Mr. Bankman-Fried's companies had neither accounting nor functioning human-resources departments, according to a filing in federal court by the executive brought in to shepherd FTX through bankruptcy. Corporate money was used to buy real estate, but records weren't kept. There wasn't even a roster of employees, to say nothing of the terms of their employment. Bankruptcy filings say one entity's outstanding loans include at least $1 billion to Mr. Bankman-Fried personally and $543 million to a top lieutenant.
The lives of the people who ran FTX and its related companies were similarly blurred. Ten of them lived and worked together in a $30 million penthouse at an upscale resort in the Bahamas. The hours were punishing, and the lines between work and play were hard to discern. Romantic relationships among Mr. Bankman-Fried's upper echelon were common, as was use of stimulants, according to former employees.
Mr. Bankman-Fried, 30 years old, kept a hectic schedule, toggling between six screens and getting by on a few hours of sleep a day. He was at times romantically involved with Caroline Ellison, the 28-year-old CEO of his trading firm, Alameda Research, according to former employees.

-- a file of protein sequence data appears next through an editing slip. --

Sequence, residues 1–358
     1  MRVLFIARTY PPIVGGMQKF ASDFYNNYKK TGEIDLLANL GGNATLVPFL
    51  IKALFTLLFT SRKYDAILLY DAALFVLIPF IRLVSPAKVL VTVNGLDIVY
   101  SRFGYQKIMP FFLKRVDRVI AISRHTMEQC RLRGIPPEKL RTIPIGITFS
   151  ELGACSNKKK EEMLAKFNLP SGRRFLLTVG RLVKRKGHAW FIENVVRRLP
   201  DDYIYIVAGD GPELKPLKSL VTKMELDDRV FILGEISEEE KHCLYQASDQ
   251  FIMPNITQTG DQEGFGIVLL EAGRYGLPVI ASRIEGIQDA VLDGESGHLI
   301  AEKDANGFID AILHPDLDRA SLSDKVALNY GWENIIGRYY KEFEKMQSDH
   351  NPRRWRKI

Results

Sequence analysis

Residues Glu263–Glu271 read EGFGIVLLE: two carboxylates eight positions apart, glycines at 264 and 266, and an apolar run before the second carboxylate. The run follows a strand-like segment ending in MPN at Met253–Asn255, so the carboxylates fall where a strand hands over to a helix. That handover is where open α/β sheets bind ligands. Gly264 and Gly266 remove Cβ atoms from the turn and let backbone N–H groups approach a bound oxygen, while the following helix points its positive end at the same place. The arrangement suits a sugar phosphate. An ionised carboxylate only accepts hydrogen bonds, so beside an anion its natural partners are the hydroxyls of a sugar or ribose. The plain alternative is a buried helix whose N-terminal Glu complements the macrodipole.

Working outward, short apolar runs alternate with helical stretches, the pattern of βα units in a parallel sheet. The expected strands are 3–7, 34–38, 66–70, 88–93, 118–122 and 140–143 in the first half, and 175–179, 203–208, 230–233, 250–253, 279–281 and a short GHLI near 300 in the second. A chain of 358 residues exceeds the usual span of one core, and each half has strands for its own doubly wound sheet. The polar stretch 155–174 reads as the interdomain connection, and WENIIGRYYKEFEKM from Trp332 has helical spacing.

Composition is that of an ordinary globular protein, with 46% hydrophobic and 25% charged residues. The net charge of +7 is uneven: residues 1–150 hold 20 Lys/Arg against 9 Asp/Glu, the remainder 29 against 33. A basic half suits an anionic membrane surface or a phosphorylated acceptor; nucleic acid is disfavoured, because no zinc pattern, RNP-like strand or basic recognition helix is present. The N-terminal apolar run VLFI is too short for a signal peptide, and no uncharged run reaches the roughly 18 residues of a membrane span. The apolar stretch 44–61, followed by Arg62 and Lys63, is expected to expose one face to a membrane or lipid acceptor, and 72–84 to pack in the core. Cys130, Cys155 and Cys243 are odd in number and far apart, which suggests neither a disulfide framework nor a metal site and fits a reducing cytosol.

"Nothing like regular amphetamine use to make you appreciate how dumb a lot of normal, non-medicated human experience is," Ms. Ellison once tweeted. A lawyer for Ms. Ellison declined to comment.
Before the crash, Mr. Bankman-Fried hugged the spotlight, promoting crypto and lobbying for its interests in Washington, while Ms. Ellison remained in the engine room. Alameda, a trading firm owned almost entirely by Mr. Bankman-Fried, had one overarching purpose: Make money. Ms. Ellison was tasked with keeping it running.